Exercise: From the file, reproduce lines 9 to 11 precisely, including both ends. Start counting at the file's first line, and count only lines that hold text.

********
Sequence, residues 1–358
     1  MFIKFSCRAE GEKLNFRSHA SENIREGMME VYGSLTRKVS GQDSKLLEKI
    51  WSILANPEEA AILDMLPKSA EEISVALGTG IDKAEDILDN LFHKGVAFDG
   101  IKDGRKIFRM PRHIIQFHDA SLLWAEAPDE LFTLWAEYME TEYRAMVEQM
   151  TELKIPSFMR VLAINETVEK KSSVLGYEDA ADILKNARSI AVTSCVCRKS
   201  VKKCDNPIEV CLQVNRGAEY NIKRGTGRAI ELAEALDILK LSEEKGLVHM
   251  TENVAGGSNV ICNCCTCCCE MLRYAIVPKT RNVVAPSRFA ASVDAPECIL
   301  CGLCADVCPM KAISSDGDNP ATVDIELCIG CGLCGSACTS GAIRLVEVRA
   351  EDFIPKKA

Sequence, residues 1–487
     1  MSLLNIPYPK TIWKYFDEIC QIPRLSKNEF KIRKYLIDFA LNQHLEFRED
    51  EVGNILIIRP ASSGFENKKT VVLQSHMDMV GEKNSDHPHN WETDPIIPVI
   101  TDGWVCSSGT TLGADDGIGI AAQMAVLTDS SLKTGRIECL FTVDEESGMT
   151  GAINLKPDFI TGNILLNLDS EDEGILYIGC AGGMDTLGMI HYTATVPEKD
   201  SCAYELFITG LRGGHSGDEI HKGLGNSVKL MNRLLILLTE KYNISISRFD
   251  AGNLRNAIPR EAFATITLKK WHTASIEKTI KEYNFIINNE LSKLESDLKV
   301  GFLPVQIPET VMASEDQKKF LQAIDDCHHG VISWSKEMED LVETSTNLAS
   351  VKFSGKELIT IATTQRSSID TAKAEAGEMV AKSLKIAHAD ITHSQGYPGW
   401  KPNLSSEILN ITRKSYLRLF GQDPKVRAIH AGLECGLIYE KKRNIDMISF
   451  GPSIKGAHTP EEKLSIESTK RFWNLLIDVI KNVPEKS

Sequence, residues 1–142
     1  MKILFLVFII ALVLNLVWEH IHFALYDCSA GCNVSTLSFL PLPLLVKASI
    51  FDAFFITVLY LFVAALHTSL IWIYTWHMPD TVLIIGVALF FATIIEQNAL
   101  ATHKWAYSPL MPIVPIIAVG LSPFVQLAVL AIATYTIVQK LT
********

   351  EDFIPKKA

Sequence, residues 1–487
     1  MSLLNIPYPK TIWKYFDEIC QIPRLSKNEF KIRKYLIDFA LNQHLEFRED